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Drivers' hours relaxation makes sense

By Kyle Linsay
Thursday, July 30, 2015 - 16:00

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FTA

The Freight Transport Association (FTA) has said that the announcement by the Department for Transport (DfT) to introduce a temporary relaxation of drivers’ hours makes “perfect sense” to help those caught up in Operation Stack in Kent, and help clear out of Kent trucks which have already made the crossing.

FTA described the move as a “pragmatic approach to one part of a difficult situation,” and added that “it will hopefully allow freight operators to keep businesses supplied and the wheels of the economy turning.”

The temporary relaxation which had been called for by the FTA, applies only to drivers who journeys are delayed due to the disruption in Calais and who:

Have used a cross channel ferry or Eurotunnel to reach or leave Kent; or
Are waiting within Kent for departure to mainland Europe; or
Are driving a commercial vehicle operated from an operating centre in Kent and whose journey has been disrupted

James Firth – FTA Head of Road Freight and Enforcement Policy said:
“FTA is pleased that the DfT has recognised that Operation Stack is affecting domestic businesses in Kent as well as those on international journeys. The temporary relaxation of their driving hours will give those drivers delayed because of the situation in Calais extra time to complete jobs and get vehicles back to base, or on to a safe resting point on their journey.”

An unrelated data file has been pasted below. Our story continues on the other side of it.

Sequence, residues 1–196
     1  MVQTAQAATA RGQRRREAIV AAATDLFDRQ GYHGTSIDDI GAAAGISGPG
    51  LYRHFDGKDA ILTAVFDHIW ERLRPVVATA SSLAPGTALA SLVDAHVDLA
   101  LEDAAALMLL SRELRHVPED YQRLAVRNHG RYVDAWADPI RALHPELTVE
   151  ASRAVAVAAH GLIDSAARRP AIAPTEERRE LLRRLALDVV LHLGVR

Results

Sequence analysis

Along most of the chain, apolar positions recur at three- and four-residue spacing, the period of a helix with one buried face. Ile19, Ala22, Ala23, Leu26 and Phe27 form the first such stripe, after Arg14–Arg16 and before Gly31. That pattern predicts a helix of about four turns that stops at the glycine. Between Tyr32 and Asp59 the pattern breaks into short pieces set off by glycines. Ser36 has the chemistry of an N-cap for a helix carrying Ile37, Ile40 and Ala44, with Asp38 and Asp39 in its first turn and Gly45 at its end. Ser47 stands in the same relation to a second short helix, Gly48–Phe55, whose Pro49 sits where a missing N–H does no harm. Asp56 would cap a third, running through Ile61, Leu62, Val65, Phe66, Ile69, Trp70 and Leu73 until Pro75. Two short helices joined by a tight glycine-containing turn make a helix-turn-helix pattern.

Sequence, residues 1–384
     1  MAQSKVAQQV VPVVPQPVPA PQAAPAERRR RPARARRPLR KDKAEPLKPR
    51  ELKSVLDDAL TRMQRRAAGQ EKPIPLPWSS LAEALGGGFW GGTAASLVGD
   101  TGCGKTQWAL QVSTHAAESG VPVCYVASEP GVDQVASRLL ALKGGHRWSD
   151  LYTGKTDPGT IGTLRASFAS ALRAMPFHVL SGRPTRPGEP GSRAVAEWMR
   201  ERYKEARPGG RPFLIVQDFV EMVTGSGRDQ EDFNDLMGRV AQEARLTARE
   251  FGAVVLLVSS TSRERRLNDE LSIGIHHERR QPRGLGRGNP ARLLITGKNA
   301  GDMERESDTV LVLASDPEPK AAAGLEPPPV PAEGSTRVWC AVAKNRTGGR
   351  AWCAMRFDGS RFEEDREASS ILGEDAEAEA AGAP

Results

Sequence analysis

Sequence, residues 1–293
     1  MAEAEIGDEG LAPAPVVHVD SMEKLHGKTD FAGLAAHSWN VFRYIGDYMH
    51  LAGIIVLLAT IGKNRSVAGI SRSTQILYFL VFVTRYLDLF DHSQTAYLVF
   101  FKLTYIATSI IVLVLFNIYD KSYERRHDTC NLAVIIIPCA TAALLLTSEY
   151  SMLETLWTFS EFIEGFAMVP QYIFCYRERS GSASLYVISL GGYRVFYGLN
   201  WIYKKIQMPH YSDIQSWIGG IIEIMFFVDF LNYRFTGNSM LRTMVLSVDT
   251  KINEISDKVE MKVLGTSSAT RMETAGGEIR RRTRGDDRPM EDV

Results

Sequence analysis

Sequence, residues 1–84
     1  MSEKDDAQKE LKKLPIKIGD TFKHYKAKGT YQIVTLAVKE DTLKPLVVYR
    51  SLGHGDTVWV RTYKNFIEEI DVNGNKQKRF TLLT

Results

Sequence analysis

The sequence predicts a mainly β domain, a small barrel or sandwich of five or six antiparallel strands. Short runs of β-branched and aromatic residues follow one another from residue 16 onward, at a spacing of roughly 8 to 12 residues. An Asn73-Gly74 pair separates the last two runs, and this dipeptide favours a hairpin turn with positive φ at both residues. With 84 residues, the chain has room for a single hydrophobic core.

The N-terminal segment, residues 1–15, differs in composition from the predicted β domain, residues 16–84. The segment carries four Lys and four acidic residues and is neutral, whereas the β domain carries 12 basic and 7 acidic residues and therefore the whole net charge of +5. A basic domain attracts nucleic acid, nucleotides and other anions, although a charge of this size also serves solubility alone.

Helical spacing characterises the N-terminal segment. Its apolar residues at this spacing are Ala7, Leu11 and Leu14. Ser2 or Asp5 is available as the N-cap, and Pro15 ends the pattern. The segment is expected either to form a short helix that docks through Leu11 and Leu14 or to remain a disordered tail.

• The DfT has stated that EU drivers’ hours will be temporarily relaxed as follows:
  • Replacement of the EU daily driving limit of 9 hours with one of 11 hours
  • Reduction of the daily rest requirements from 11 to 9 hoursThe requirement to take a 45 minute break after 4½ hours driving remains and will continue to be rigorously enforced.

Mr Firth added:
“This is a proportionate response by the Government to just one aspect amongst many which have arisen as a result of the problems in Calais.  Critically this relaxation means that drivers who have spent many hours queuing on one side of the Channel are not forced to immediately find somewhere safe and secure to park as soon as they have crossed.  Kent and the areas around Calais are busy enough with vehicles waiting to make the crossing, there is no point adding to that pressure with vehicles that are already across also looking for somewhere to park.”

Irrespective of this relaxation, there is always a duty for professional vocational drivers to avoid driving whilst tired – this relaxation is not a permit to be unsafe.  The notice emphasises that “employers remain responsible for the safety of their employees and other road users.”

Operation Stack is used to park HGVs on the M20 and can affect 35 miles of the motorway.  The system is normally used during cross-Channel disruption, and has been implemented on 25 occasions in the past six weeks causing subsequent chaos in Kent not only for freight operators, but also for residents, tourist traffic and local businesses.

Firth concluded:

“Ideally we need a long term answer to Operation Stack, this is the busiest time of the year for tourist and freight traffic heading through the county of Kent, and we have to find some way of resolving this reoccurring problem.”

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